The Outlaws team up with the Teen Titans to battle Gotham citizens under the influence of the Joker toxin. Meanwhile the teams respective leaders Jason Todd and Tim Drake are still held captive by The Joker, who is putting the finishing touches to his plan to take out another two of Batman's trusted allies.
This was an enjoyable enough issue with a big spotlight put onto Roy Harper and his having to step up and lead not only the Outlaws but also the Teen Titans as well. The overall story in this issue was pretty basic, the two teams team up to battle Joker toxin effected civilians while having to deal with typical team up/crossover drama of who is in charge? How can a hero with no powers survive these types of battles? And of course typical quips and insults about intelligence and ability and so, ultimately coming together to do what has to be done. Very basic and predictable stuff here that in all honestly felt like a one shot filler crossover of these teams than an important piece of the larger Death of the Family puzzle that last issue started off being. Timothy Green's art in this issue again was quite good, the highlight of which was the scene between Killer Croc and Roy Harper, which I'll go into in a little bit.
This issue also teased what is to come (provided the creative team change doesn't effect these plans) for this title. We got two one page cameo's from Hugo Strange who it seems is a self help author and Deathstroke who was in the middle of preparing himself to take on the Outlaws. Potentially these are quite exciting developments going forward as it provides two different types of challenges for this team to face off with.
In Deathstroke we should be provided with an exciting and violent battle which is sure to highlight the team work of the Outlaws. Like Batman, Deathstroke studies his opponents in order to find the most effective way to kill them. A prepared Deathstroke is a tough match for almost any character in the DCU and over the years he has had epic battles with the Teen Titans and Nightwing. This has the potential to be a fun action story arc for the book.
In Hugo Strange we have the potential of a dark psychological war between himself and three very mentally damaged individuals who's dark pasts could be used against them. An interesting way to explore more backstory of this series three leads while also establishing Hugo Strange in the new 52 and potentially as an ongoing villain for this title. Building a rouges gallery is an important step in growing a series. All the best characters have ongoing villains, this series so far has none. Hugo Strange and Deathstroke could be great starting points for a rouges gallery for this title going forward, we'll have to wait and see how these characters and the stories they are featured in are handled by the new creative team.
The highlight of this whole issue however was the flashback of Killer Croc's intervention of Roy Harper. Since it was first mentioned that Croc was Roy's sponsor, I was curious to see Croc's intervention, but his continued relationship with Roy going forward. I'm hoping that along with the Hugo Strange and Deathstroke teases, this thread is picked up and explored in detail in future issues. It would help to really develop Roy as a character and by giving him a detailed back story. As a reader there is more emotional investment for that character as so from a singular character point of view only Jason has really been truly developing consistently while Roy and Kori have been stop-start depending on the particular arc. As a team book, equal weight should be placed on each character, the stronger the characters individually, the stronger the title as a whole will be. The other character that will benefit from this aspect of Roy's life being explored will be Killer Croc who is often portrayed as nothing more than a monster. Exploring his involvement in Roy's life would add much needed additional layers to this character and even make him somewhat sympathetic opening up more possibilities of how he could be used not only in this title, but others across the batman universe of books down the road.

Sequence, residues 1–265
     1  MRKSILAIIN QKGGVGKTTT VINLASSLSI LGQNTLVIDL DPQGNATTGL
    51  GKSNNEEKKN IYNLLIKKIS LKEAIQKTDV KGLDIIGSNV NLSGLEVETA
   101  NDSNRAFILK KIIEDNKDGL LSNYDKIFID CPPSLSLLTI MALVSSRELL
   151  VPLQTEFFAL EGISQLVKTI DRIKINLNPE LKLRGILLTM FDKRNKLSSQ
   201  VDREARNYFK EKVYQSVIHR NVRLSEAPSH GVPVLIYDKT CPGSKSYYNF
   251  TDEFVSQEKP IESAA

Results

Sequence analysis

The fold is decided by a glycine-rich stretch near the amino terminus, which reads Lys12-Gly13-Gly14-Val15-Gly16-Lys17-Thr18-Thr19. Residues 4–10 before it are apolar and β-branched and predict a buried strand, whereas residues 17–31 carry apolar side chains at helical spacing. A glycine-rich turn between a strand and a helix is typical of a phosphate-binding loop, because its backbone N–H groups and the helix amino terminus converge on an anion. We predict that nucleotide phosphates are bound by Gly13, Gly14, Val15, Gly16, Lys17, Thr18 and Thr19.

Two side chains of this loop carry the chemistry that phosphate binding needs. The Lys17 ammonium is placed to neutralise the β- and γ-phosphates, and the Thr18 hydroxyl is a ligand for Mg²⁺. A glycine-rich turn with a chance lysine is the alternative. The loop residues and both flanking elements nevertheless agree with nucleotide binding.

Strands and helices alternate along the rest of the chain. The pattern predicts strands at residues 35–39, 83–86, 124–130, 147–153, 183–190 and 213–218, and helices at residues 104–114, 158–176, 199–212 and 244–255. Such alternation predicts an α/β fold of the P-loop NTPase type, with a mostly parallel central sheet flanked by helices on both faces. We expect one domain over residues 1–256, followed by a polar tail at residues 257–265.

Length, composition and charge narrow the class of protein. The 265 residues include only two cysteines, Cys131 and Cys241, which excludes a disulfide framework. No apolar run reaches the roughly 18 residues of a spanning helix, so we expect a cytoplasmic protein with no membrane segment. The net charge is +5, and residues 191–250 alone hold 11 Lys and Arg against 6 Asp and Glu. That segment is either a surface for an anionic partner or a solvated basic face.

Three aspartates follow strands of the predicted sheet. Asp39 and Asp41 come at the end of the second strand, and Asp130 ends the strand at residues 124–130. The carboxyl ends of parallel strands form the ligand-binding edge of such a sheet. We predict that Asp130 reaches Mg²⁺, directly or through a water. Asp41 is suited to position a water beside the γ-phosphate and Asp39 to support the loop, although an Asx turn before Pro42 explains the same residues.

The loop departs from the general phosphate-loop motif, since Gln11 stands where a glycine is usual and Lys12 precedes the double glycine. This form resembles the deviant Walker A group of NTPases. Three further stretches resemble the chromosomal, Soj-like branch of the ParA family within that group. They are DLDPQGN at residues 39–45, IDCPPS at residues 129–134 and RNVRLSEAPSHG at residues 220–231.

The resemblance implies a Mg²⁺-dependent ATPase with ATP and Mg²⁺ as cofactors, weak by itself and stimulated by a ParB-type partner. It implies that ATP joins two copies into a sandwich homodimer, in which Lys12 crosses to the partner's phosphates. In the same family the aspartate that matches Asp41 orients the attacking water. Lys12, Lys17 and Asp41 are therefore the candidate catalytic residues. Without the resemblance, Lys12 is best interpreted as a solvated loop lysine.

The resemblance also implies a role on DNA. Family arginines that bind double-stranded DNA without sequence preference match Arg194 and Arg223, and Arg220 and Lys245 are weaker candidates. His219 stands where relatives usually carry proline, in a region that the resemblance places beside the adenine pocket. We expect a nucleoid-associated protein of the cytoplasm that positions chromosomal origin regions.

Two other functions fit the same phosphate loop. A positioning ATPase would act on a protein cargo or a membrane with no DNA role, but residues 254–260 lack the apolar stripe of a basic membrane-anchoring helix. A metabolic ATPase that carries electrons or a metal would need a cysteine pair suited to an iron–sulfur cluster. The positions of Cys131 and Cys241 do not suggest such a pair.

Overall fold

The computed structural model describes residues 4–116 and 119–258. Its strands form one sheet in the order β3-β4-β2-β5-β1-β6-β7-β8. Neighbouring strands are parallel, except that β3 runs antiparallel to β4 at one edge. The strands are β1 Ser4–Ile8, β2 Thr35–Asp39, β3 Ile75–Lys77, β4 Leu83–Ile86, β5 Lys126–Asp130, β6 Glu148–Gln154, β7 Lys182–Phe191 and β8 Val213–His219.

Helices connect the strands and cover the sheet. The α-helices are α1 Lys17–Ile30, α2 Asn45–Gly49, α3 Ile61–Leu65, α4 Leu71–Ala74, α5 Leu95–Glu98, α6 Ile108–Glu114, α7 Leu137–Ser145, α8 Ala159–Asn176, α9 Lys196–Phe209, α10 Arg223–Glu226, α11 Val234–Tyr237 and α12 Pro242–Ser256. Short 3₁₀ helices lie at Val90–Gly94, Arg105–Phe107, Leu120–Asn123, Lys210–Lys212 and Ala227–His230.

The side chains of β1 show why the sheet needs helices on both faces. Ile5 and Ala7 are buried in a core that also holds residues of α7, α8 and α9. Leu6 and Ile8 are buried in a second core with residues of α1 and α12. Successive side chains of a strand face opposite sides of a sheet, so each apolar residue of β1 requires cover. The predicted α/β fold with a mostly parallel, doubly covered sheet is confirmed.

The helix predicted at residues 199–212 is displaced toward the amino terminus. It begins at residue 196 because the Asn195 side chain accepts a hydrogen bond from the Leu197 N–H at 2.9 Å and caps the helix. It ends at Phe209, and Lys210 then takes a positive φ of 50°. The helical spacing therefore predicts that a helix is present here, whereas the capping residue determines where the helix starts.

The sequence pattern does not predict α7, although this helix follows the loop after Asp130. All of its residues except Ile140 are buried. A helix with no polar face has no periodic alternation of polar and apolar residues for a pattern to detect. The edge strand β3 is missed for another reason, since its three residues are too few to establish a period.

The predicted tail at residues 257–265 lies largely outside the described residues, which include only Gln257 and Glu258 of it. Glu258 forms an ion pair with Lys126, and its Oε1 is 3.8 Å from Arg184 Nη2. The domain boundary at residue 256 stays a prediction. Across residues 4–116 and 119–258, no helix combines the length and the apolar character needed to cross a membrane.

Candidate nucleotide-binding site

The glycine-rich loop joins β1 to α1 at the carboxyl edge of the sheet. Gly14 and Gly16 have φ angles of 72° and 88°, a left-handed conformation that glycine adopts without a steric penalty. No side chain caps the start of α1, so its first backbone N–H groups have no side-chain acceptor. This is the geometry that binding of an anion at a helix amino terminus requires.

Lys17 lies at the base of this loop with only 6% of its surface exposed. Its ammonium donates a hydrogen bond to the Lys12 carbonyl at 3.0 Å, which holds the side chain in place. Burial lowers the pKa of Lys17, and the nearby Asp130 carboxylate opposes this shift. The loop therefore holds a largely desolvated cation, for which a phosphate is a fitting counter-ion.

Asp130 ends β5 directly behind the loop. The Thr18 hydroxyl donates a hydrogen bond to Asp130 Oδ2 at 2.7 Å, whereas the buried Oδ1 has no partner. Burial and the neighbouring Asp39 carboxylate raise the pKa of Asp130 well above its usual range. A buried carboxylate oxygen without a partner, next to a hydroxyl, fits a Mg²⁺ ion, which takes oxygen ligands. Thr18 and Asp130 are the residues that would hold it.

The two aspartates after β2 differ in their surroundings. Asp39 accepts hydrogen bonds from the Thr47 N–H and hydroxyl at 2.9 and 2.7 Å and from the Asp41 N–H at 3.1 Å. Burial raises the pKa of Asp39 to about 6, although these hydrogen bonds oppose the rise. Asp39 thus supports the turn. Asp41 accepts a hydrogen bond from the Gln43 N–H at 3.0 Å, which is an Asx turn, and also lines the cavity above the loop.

My problem with this book and now with Scott Lobdell's contribution to the Death of the Family story is what I can only describe as a failed opportunity to tell a really compelling four issue crossover in which one issue would lead into the next making all four issues can't miss for fans of either or both series. I felt it started off strong with last month's Red Hood and the Outlaws and hasn't picked up since. As I've said a couple of times now this issue wasn't too bad at all, however we had one single panel of Jason and Tim in the entire issue. This whole crossover might have been better served intercutting the stories of Jason and Tim's capture by Joker and their respective teams coming to attempt a rescue over all four issues instead of how it was presented in Red Hood and the Outlaws and Teen Titans #15 and #16. The advantage of writing both books would've allowed Lobdell to present that or a similar scenario that would've been far more compelling as a self contained story and a more important element of the Death of the Family story. Not bad, but a big fall from last months enjoyable and promising start.
Red Hood and the Outlaws #16:
Reviewed by David Cook